The Writers’ Police Academy conference (held in Green Bay, Wisconsin, August 11-14) started with a bang on Thursday afternoon. The attendees explored armored, S.W.A.T, and bomb squad vehicles. Lesson: my characters will need a lot more agility than I have to get inside those vehicles, especially the armored one. The first step into the driver’s seat is waist high on me.
Tried on a flak vest and crowd control shield. Didn’t even attempt the battering ram. Heavy is the theme with this equipment, including the bomb squad suit. Lesson: My characters will need physical strength to handle this stuff.
For a plastic gun, the Glock 17 was heavier than I expected, but has the sweetest trigger action. Now, when I put a Glock in a character’s hand, I know what that gun feels and shoots like, with every expectation my character can be as deadly as I was.
I learned how to poison a person with bacteria from my own cupboard or the woods out back. Useful information for any amateur sleuth that might turn up in a new series. TIP: mushrooms are unreliable, even the known poisonous ones.
I finally found a use for geometry in self-defense. It’s all about the angles. No doubt I’ll have a character using these techniques. TIP: when fighting an attacker, fists to flesh, palms to bone. Meaning, don’t punch ’em in the face and injure your knuckles. Use the heel of your palm against the jaw and cheekbones.
Friday started with a mock crash scene which involved a variety of triage scenarios, among them a trapped man needing the Jaws of Life to extricate him, testing a drunk driver, and a dead guy and his hysterical and combative mother. Yes, combative is among the normal reactions in these scenarios. We got the full show of rescue vehicles arriving with lights and sirens. Even the evac helicopter dropped in. Helpful should one of my characters get in an auto accident or come across one.
Saturday kicked off with an interactive mock lockdown. No narration. Minutes into the lecture, it just happens. A knife wound victim staggers into the lecture hall. The instructor calls for help from anyone with medical training. When three more victims stumble in, it’s a lockdown situation. Belts are used to tie shut door hinges and objects jammed into the opening mechanisms. Warnings sound over the P.A. A suspect is apprehended. But, is there an accomplice?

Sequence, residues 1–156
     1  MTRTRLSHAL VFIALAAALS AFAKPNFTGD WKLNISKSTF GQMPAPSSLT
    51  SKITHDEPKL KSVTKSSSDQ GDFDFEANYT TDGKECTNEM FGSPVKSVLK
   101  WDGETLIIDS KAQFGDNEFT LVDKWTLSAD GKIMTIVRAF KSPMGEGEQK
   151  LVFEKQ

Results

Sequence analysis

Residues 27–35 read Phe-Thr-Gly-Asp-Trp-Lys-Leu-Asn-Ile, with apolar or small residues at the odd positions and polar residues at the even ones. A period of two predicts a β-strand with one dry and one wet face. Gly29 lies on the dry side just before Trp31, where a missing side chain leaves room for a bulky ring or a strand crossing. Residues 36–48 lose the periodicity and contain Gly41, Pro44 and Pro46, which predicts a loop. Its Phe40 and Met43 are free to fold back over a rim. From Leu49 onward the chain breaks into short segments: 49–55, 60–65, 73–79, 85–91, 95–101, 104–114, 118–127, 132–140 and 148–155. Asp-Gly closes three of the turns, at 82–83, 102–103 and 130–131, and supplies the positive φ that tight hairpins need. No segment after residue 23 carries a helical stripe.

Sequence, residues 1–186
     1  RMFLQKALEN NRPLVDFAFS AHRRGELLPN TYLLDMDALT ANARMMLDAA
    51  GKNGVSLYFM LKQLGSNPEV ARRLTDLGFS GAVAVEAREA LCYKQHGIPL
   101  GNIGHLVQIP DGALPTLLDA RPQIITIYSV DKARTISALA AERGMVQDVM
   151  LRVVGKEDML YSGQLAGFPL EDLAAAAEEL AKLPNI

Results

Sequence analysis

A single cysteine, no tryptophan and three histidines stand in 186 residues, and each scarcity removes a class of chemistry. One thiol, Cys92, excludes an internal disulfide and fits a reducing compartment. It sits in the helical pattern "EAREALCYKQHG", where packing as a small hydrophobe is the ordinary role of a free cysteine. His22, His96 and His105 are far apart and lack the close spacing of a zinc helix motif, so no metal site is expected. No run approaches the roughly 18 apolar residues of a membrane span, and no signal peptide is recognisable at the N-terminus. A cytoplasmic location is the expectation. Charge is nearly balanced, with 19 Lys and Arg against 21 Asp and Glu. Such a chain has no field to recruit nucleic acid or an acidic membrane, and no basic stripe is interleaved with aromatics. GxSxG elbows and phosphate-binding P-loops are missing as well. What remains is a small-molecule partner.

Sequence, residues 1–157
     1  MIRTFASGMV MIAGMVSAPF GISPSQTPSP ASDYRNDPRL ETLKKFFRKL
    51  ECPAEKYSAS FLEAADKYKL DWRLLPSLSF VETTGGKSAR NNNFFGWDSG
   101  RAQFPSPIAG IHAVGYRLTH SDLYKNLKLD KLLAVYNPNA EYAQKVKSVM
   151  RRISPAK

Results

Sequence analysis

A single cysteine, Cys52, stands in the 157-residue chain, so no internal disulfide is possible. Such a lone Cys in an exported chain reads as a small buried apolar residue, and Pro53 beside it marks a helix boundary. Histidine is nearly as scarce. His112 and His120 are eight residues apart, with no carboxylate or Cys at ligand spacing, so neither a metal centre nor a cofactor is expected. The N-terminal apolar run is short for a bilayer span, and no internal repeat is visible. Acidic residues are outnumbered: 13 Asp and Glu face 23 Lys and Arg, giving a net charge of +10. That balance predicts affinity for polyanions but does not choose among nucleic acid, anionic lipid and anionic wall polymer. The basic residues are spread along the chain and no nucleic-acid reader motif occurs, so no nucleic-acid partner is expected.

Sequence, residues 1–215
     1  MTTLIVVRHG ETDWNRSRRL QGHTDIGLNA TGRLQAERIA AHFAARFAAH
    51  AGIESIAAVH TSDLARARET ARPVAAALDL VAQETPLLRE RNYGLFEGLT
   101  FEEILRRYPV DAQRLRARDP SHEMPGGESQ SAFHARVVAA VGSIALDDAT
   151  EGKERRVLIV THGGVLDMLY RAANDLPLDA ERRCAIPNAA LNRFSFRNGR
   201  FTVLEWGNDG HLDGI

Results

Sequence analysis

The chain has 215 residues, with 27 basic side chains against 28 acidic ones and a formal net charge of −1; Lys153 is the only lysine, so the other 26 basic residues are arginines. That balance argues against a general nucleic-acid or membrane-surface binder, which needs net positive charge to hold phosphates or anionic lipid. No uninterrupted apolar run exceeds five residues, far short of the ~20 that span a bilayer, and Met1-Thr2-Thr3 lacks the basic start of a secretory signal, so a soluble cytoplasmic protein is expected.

S.W.A.T. explodes into the room, guns drawn, shouting, “Hands on your heads!” Their presence is so commanding seven men instantly control a room of hundreds. I am experiencing an adrenaline rush, just as any character I put into this situation will. I also now know what it feels like to get frisked. Told you it was interactive.
There’s much more I could share, from Lee Goldberg (author of the Monk Series and scriptwriter) who delivered his How to Use Research speech like a comedy routine and Tami Hoag (does anyone not know who this author is?) sharing a personal story about using research in one’s private life. Our instructors included an ATF agent, an arson investigator, a Private Investigator, and the amazing officer Colleen (The Rock) Belongea who my six foot plus defense instructor said he would not mess with. She was a favorite with everyone, and as much a face of this conference as organizer Lee Lofland, author and detective.
To view more pictures of this event, go to www.leelofland.com, The Writers’ Police Academy, or my author FB page. This excellently organized event will be repeated in Green Bay, Wisconsin in 2017.
by WisRWA member Barbara Raffin